tech2 News StaffApr 11, 2016 17:00:45 IST
Credit Default Swap transactions are notorious for putting the market at risk, and their lack of transparency. In a Credit Default Swap, a buyer makes a series of payments, known as a fee and receives a one time compensation if the referenced loan defaults. CDS transactions by Lehman Brothers, Bear Stearns and AIG were infamous for their role in the financial crisis of 2008. The problem was both the volume of the transactions, and the lack of transparency.
Blockchain is a distributed database, where all involved parties have access to a ledger of all transactions. Blockchain technology was introduced along with Bitcoin, a cryptocurrency based on an open source peer to peer platform.
The Depository Trust and Clearing Corporation (DTCC), an American post trade financial services company just responded to calls for more transparency and regulation in Wall Street with a blockchain implementation for CDS transactions. JP Morgan, Bank of America Merill Lynch, Credit Suisse and Citi participated in the pilot project. Markit, a company that specialises in trade communications, and Axoni, a distributed ledger software developer provided the technical set up for the exercise.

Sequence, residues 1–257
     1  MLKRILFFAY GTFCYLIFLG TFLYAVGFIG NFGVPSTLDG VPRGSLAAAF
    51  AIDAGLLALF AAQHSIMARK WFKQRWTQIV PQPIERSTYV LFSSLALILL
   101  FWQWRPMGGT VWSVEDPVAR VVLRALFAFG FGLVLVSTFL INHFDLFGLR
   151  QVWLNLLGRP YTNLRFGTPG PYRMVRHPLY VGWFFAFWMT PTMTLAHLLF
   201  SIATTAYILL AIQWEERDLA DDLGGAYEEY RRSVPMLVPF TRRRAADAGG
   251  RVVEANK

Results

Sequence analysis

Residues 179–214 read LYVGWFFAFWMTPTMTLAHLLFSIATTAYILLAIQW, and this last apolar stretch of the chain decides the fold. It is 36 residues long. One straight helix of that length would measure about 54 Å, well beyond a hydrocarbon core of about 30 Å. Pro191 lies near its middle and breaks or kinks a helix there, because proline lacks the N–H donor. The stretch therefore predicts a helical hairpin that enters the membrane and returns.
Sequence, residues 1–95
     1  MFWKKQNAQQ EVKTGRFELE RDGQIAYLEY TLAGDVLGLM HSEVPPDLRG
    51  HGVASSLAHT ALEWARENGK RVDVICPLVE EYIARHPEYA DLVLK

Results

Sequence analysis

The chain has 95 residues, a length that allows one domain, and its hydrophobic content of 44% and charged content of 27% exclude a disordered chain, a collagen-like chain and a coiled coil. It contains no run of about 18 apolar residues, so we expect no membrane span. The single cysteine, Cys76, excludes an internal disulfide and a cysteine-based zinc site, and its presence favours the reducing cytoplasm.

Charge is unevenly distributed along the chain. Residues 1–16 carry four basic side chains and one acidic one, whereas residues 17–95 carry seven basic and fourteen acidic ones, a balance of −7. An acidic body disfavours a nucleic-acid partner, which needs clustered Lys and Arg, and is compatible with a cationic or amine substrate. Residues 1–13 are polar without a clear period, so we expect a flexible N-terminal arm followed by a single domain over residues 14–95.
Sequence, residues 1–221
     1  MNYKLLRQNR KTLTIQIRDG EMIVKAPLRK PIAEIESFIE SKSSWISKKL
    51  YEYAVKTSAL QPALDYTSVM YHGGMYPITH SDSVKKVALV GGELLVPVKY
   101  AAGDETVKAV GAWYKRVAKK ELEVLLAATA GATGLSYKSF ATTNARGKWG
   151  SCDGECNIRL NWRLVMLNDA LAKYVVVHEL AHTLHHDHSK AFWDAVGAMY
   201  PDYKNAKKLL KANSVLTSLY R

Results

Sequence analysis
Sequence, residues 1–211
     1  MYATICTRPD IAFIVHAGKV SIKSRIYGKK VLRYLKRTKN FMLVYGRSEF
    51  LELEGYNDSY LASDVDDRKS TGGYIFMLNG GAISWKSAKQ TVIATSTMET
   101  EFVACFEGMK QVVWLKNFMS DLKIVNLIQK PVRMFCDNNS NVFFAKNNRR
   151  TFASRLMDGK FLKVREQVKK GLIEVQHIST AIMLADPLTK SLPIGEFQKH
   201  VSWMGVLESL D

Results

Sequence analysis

Chris Childs, CEO of DTCC, in an official announcement at the DTCC blog, commented "Blockchain and distributed ledger technology has the potential to revolutionize highly manual, complex processes across global financial markets. This test reinforces that collaboration among service providers will be critical to ensuring the technology is harnessed, assessed and implemented consistently. We look forward to future collaboration with the industry on innovative ways to leverage this technology to reduce costs and increase efficiencies in the post-trade process."
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